Kat Sok!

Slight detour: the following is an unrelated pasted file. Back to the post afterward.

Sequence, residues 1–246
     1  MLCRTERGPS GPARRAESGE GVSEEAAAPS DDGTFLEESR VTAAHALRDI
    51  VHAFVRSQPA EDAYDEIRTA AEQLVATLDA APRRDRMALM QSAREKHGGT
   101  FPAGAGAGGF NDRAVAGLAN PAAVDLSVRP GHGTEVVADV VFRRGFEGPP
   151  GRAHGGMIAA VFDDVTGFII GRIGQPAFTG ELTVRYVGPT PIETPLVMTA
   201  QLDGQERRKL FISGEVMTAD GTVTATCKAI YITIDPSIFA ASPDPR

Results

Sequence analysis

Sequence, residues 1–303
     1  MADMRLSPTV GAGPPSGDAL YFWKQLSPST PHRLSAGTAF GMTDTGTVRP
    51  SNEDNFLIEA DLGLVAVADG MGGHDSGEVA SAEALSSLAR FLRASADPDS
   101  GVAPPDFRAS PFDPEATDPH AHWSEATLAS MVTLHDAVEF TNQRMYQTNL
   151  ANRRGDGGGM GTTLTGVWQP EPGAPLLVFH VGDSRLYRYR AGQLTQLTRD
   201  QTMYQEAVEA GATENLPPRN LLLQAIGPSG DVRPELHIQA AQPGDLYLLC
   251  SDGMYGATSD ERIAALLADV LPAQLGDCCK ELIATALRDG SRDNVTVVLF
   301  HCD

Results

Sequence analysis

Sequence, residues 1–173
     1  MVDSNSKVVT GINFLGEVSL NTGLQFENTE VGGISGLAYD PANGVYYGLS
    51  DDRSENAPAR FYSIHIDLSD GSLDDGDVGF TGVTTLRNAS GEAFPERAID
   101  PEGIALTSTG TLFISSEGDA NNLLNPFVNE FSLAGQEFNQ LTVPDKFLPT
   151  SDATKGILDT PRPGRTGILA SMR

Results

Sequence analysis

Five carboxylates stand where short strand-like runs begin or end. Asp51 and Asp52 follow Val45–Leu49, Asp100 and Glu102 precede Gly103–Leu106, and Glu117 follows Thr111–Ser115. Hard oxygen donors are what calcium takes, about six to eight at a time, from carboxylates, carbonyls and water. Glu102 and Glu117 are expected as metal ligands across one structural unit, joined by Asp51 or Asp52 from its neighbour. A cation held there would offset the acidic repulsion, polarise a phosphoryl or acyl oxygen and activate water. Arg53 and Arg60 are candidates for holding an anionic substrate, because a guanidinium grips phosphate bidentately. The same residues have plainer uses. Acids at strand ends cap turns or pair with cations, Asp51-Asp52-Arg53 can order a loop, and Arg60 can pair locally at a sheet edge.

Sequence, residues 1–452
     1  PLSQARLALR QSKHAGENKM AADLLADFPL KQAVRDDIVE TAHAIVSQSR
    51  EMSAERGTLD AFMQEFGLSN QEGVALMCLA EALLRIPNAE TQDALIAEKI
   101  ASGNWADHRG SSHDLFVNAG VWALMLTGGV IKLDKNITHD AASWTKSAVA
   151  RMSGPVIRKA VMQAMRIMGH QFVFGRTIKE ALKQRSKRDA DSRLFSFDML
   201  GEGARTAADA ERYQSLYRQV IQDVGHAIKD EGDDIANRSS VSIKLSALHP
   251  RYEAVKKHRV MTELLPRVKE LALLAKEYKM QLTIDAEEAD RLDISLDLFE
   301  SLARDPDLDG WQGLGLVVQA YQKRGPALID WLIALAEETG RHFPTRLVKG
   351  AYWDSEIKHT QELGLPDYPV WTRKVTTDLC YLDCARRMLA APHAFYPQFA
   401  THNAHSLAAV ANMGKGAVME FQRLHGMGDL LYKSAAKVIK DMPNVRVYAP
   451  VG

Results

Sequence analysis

My partner Eric is Cambodian by his mother, and French by his father. In Khmer, a “kon kat”, “cut child”. On Sundays, we visit his mother in the ivory tower of her borey (a gated community). Often, she turns to me and says: “His hair is too long, why doesn’t he cut it? “. Cutting is pronounced “kat” in Khmer, and hair “sok”. Eric looks like a barang (a “Western”); he has pale skin, bronze-colored eyes, and very long silky hair. Girl’s hair. In Cambodia, long hair is associated with artists, non-conformists, and marginal people. “Mauvais genre,” (“wrong kind”) says Eric’s mother. It’s funny, because she wanted to have a girl, and after her first boy, when Eric was born, she dressed him in pink. In Eric’s long hair, I see resistance, irony, distance. The distance between him and his mother. Between those who left the country and those who remained and went through the war. The exiled people of the diaspora, and those who return. They both have invisible scars. Since his “return” to Cambodia, Eric has had to redefine the contours of his skin. He will never live up to the expectations of his “motherland”. They love each other but are always “a hair’s breadth away” from each other. In Eric’s story, I see an inverted mirror of my own story.